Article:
Please weigh in on next steps in the NIH Common Fund’s Science of Behavior Change initiative by March 6:
Please comment on the value and significance of the following approaches for overcoming barriers to the development of a unified science of behavior change, and potential strategies for their achievement. In your remarks, wherever possible, please provide input on the use of mechanisms of behavior change as targets to be identified, engaged, and validated in intervention designs. Where applicable, your input may include but is not limited to research evidence in the form of data or references to support your statements.
A. Redefining NIH’s Translational Approach to Behavior Change Research by Targeting Basic Mechanisms of Behavior Change. The SOBC Program proposes to reshape NIH’s approach to the design of and investment in behavior change interventions by establishing the expectation that clinical trials incorporate mechanistic hypotheses and rigorous methods to test them. A unified approach to behavior change research could be adopted across the NIH, such that research projects related to behavior change would be expected to lead to an understanding of how change occurs (i.e., mechanisms of behavior change). A greater emphasis could be placed on the translation of basic behavioral and social science findings into behavior change interventions, and intervention studies could be expected to incorporate studies of mechanisms, in addition to testing for efficacy and/or effectiveness. Encouraging a mechanistic approach to clinical trials could enhance the value of each trial beyond its specific disease, population, or setting, and potentially produce data useful across fields.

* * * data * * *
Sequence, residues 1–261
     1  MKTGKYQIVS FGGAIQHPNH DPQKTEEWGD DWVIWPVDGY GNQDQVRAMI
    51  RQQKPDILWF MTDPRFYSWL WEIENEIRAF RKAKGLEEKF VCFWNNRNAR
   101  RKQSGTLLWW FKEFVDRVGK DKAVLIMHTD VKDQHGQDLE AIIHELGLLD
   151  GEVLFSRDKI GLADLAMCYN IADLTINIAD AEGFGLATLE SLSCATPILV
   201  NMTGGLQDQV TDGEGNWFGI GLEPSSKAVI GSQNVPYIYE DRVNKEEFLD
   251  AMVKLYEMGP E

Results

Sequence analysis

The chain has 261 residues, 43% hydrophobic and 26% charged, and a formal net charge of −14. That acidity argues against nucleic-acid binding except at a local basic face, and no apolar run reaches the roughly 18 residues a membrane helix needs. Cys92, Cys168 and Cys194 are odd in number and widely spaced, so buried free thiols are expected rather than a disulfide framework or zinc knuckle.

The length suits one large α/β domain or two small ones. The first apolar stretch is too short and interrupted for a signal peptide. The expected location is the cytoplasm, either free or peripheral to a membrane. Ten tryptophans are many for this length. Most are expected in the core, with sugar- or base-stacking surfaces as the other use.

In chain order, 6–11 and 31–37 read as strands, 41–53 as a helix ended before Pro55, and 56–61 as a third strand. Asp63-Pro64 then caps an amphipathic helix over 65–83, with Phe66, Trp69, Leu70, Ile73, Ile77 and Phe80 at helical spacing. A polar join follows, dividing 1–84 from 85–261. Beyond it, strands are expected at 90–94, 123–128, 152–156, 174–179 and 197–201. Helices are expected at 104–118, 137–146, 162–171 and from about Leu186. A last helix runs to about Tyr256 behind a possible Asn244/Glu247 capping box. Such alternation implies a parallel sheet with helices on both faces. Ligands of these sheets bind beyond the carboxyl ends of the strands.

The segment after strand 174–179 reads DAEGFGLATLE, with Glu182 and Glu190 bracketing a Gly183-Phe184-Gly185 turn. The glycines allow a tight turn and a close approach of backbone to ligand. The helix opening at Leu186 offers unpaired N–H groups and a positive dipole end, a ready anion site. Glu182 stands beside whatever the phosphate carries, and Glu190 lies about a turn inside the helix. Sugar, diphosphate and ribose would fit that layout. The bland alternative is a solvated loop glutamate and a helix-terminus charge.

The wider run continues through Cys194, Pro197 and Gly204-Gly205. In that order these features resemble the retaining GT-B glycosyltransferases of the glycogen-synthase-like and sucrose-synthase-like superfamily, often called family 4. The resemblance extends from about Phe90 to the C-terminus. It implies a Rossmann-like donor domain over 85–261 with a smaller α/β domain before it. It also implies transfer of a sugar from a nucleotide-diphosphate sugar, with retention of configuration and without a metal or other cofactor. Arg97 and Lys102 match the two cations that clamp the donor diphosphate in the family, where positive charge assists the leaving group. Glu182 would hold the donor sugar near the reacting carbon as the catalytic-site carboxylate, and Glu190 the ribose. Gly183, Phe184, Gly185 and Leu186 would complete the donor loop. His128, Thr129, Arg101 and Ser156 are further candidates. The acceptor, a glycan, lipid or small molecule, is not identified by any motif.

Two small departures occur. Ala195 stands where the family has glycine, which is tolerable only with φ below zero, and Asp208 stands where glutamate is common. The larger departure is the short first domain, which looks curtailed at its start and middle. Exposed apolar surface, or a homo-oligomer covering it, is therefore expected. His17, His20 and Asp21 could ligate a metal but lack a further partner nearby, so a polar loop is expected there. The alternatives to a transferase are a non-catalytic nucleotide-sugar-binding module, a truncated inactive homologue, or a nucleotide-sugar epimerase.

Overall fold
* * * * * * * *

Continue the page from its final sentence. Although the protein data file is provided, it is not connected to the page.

B. Improving Understanding of the Underlying Principles of Behavior Change that Can Serve as Targets for Intervention. Understanding the principles of behavior change requires clear definitions and measures of key constructs and intervention targets. The SOBC Program proposes to support research that identifies, defines, and measures constructs essential for mechanistic studies of behavior change. Some constructs have been identified as important in behavior change across multiple health fields (e.g., motivation, decision-making, family communication, health literacy, built environments), but measures often vary across research laboratories, scientific disciplines, and health conditions. Refining the core components of these constructs, mapping similar components across fields, and developing rigorous measures of those components could accelerate progress in behavior change research. In addition, it may be useful to map similar mechanisms across multiple levels (e.g., genetic, neurobiological, social, cognitive, affective and environmental), so that behavior change can be captured and verified in multiple ways.
This initiative was the subject of a good recent discussion in the NIH Council of Councils meeting. That council provides the second level of peer review for NIH Common Fund initiatives. Dr. Richard Hodes, Director of the National Institute on Aging, gave an overview, and psychologist Elizabeth Phelps of NYU, who currently has funding under the initiative, gave a presentation about her research. A videocast of the entire Council of Councils meeting is available at https://commonfund.nih.gov/behaviorchange/index. The presentation on SOBC begins at 3:16. Dr. Phelps' portion of the presentation begins at about 3:35.
Patricia Clem Kobor | Sr. Science Policy Analyst Science Government Relations Office
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